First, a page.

1989 年 38 巻 434 号 p. 1254-1260
In order to study the characteristics of static strength of ceramics, 3-point bending tests with a constant loading rate were carried out at room temperature in air, by using sintered silicon nitride, partially stabilized zirconia and two kinds of alumina. The effects of specimen geometry and temperature on the strength were also investigated by conducting ring compression tests for the silicon nitride at room temperature and 1300°C in air.
In the 3-point bending tests, better fitness for the two-parameter Weibull distribution was found when the data were correlated with the true fracture stress evaluated at the fracture point of specimen, rather than the maximum nominal stress. The effect of specimen geometry on the strength was small for the case investigated in this study. The mean strength and the coefficient of variation of the strength at 1300°C were reduced to about half and one-third of those at room temperature, respectively.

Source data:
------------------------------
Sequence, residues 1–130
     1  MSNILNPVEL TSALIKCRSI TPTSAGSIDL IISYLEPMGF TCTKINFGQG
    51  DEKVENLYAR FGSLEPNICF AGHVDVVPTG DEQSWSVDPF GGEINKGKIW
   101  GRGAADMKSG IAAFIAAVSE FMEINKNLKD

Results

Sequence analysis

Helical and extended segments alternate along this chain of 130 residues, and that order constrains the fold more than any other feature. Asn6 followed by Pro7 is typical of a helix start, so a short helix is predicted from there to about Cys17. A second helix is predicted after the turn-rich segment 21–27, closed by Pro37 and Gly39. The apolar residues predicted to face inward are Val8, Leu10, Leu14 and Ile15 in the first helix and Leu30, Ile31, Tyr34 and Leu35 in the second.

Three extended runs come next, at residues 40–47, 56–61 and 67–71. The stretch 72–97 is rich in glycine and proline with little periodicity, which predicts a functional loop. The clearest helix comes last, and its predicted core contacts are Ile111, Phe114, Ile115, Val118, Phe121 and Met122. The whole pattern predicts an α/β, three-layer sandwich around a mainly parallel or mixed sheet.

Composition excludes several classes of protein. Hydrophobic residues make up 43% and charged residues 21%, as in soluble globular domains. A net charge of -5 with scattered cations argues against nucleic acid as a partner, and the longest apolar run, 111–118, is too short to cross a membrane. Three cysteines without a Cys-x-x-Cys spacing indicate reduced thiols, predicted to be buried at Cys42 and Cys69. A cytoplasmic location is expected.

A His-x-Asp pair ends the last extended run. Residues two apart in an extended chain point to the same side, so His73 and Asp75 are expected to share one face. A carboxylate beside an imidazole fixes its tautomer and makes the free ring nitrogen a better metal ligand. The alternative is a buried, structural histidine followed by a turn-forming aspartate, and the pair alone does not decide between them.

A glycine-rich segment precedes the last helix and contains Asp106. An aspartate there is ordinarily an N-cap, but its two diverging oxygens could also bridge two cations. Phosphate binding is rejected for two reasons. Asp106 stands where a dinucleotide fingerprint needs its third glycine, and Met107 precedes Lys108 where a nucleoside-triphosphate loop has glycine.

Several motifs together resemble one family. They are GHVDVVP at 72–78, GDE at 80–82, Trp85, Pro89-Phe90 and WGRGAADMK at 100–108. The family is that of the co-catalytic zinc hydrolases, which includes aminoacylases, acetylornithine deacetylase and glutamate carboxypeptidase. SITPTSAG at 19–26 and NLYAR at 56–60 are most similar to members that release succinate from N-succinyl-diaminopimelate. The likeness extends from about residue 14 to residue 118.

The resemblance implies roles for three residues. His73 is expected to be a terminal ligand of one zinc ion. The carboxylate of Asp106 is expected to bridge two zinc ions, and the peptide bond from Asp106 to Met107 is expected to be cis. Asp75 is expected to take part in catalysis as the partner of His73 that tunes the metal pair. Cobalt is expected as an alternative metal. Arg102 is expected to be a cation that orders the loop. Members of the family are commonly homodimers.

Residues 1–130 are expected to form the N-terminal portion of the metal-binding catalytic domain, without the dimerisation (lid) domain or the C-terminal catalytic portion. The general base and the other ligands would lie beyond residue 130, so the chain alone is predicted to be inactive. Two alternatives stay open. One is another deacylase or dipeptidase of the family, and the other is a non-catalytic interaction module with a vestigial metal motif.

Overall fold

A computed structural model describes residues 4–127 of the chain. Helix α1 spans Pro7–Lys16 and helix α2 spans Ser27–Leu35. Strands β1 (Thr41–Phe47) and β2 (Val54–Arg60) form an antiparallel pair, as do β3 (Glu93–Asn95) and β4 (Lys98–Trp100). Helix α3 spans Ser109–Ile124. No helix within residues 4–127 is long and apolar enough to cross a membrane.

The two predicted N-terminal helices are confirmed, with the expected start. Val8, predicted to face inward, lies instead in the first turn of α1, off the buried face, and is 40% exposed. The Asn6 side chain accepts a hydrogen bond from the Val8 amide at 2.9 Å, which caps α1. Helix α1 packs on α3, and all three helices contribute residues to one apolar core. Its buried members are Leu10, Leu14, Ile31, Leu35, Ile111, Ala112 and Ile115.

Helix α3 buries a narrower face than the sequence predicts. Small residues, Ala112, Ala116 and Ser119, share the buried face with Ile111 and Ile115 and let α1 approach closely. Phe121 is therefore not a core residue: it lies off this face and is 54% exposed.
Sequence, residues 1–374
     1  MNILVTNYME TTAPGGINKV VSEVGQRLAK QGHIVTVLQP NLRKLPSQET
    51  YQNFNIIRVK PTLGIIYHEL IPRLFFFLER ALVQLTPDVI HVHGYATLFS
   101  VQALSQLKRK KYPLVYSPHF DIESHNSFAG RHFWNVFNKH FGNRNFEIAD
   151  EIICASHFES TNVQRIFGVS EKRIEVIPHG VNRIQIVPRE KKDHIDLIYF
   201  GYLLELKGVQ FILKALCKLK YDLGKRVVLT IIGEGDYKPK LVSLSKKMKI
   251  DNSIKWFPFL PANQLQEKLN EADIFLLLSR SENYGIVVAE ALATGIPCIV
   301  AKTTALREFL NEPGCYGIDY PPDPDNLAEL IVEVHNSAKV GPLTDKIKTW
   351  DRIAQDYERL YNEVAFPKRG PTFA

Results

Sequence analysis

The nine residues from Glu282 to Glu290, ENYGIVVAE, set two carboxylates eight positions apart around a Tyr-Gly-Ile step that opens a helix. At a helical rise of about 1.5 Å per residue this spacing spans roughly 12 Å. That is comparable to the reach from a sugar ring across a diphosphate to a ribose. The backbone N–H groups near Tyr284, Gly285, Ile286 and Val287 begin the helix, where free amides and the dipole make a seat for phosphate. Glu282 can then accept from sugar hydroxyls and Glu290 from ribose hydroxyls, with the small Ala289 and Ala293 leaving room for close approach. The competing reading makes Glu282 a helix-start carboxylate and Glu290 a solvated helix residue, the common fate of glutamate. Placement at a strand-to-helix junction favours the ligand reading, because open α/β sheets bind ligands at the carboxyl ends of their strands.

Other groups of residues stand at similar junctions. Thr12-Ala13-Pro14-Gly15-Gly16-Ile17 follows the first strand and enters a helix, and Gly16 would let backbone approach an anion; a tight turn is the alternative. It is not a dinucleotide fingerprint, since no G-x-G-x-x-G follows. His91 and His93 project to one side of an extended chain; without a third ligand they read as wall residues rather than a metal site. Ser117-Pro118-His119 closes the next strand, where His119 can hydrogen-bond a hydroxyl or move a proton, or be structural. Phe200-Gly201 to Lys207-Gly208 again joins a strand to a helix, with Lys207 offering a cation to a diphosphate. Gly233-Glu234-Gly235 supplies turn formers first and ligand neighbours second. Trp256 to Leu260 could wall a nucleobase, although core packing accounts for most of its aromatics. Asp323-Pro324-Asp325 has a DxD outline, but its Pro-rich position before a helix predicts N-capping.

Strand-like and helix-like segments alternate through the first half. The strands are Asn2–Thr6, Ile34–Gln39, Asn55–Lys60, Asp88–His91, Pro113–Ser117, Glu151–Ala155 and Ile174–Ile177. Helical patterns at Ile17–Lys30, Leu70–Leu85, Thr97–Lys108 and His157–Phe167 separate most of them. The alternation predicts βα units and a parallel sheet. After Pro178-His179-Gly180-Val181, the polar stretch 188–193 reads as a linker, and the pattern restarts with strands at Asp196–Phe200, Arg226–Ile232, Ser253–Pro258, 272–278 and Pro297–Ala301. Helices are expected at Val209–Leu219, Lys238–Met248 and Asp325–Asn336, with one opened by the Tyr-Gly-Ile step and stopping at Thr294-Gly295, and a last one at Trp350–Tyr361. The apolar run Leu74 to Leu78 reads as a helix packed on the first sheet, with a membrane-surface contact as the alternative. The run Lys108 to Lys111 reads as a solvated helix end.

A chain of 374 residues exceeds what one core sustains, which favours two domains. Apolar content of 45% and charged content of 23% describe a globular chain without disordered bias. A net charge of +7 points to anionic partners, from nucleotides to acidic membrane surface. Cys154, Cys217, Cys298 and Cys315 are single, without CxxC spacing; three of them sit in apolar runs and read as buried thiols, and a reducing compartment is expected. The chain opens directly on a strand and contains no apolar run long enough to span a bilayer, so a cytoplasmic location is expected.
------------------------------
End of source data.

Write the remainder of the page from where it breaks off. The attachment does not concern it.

The fracture surface of the tested specimens was observed through a scanning electron microscope, and the predominant flaws were identified which were preexisting in the specimens. The equivalent crack length was evaluated taking account of the crack geometry and the stress state associated with the crack location. The fracture stress was correlated with the equivalent crack length. The results showed that the strength decreased with decreasing flaw size, compared with the estimate expected from the linear fracture mechanics concept. The tendency in the relation was explained by the modification that a material constant should be added to the original equivalent crack length.
The fractographic observation suggested that the fracture of the silicon nitride at elevated temperatures followed the formation of semi-circular damage-region due to the slow crack growth. Another fracture mechanics approach was required in the analysis of the fracture of ceramics with inelastic behavior at elevated temperature.